A strong cyclone was moving toward India and Bangladesh on Tuesday as authorities tried to evacuate millions of people while maintaining social distancing.
Cyclone Amphan is expected to make landfall on Wednesday afternoon, and forecasters warned of extensive damage from high winds, heavy rainfall, tidal waves and some flooding in crowded cities like Kolkata.
The cyclone had winds of 220-230 kilometres per hour and is forecast to weaken before landfall around India’s West Bengal state and Bangladesh.
It is the second super cyclone on record that has formed over the Bay of Bengal, said Mrutyunjay Mohapatra, India’s meteorological chief. The first of that classification was the devastating 1999 cyclone in Odisha state that left nearly 10,000 people dead.
“This type of cyclone can be disastrous. … It is completely unsafe,” Mohapatra said.
Videos and photos from the eastern Indian states of West Bengal and Odisha showed some families along the coast or flood-prone areas being evacuated to cyclone shelters. Some carried bags with their belongings, and all had their face covered. Armed with loudspeakers, officials went from village to village warning people of the incoming cyclone.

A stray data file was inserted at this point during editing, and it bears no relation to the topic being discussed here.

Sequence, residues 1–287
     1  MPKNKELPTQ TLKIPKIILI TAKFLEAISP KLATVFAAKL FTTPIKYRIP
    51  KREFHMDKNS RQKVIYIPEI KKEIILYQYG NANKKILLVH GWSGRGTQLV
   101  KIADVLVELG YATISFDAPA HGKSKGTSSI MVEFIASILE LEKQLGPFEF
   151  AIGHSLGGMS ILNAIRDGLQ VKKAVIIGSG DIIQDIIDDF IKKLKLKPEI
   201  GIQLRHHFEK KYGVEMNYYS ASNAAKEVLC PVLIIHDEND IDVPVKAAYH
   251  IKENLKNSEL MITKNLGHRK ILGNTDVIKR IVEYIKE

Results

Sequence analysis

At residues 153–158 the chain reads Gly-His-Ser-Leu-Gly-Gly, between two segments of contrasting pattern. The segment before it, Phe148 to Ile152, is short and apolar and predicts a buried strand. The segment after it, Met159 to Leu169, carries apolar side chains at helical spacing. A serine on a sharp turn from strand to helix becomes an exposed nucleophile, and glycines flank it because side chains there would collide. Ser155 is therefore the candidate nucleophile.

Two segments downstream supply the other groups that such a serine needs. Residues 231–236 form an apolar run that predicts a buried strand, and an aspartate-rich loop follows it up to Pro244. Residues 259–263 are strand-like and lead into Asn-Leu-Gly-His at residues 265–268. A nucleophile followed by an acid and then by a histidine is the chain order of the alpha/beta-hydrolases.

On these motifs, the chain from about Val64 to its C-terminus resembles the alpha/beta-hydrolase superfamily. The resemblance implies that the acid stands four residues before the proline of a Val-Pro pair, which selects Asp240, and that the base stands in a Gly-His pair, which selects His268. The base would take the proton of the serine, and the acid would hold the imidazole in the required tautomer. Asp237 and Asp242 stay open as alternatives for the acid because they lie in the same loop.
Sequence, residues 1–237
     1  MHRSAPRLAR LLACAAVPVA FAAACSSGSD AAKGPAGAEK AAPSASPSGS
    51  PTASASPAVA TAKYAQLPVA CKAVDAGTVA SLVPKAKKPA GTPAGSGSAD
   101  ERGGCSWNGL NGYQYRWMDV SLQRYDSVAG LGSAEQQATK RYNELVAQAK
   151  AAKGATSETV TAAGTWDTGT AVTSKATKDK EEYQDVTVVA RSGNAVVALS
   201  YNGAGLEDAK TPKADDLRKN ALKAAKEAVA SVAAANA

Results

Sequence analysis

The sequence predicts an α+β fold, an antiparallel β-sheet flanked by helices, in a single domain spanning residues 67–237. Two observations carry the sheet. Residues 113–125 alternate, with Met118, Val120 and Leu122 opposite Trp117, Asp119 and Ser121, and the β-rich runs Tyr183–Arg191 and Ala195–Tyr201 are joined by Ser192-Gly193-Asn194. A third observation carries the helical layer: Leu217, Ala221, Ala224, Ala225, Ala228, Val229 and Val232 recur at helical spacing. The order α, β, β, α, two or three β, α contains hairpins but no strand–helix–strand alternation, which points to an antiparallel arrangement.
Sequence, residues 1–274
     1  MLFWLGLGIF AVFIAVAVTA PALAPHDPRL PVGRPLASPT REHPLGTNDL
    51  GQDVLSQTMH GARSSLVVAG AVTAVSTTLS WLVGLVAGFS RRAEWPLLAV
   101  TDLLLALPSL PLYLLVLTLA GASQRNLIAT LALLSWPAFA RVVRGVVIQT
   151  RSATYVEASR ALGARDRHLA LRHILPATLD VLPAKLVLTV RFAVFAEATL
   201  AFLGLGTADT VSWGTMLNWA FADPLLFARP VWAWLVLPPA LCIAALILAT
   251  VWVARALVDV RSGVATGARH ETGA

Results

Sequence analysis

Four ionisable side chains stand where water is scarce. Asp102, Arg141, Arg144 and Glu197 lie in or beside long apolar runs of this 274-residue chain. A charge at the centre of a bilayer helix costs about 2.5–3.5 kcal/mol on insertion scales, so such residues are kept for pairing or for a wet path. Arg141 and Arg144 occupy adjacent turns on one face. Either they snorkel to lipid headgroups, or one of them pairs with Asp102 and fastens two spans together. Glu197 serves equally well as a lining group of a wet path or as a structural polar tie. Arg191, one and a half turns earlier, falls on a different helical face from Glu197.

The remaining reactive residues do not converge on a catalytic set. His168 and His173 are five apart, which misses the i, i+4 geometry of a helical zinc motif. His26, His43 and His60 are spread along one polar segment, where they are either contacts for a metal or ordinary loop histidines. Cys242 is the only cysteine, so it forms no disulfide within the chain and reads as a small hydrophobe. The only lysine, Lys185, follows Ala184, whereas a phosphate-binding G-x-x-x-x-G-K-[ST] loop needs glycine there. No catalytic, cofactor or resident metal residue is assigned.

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“Evacuations are necessary,” warned Mohapatra, pointing out that tidal waves could move 25 kilometres (15 miles) inward, along the many rivers that criss-cross the Bengal delta.
Fishing trawlers and boats in Bay of Bengal have been asked to take shelter until further notice.
Before reaching the Indian coast, the cyclone will move parallel to Odisha state and evacuations have begun in the region, officials said.
After reaching land, the cyclone is expected to move away fast and weaken by Thursday.
The eye of the storm is likely to pass through the Sunderban mangrove forests, one of the largest tracts of mangrove forests in the world. The forests are likely to absorb some of the cyclone’s impact, officials said.
Bangladesh’s junior minister for disaster management and relief, Enamur Rahman, said he ordered local authorities to prepare thousands of cyclone shelters and makeshift structures to take more than 5 million people to safety before the cyclone crosses the region.
Debasis Shyamal, a fisherman in Digha, said evacuations had yet to start, but people were staying indoors.
“We are mentally prepared for the cyclone, but there are some concerns about social distancing,” he said.
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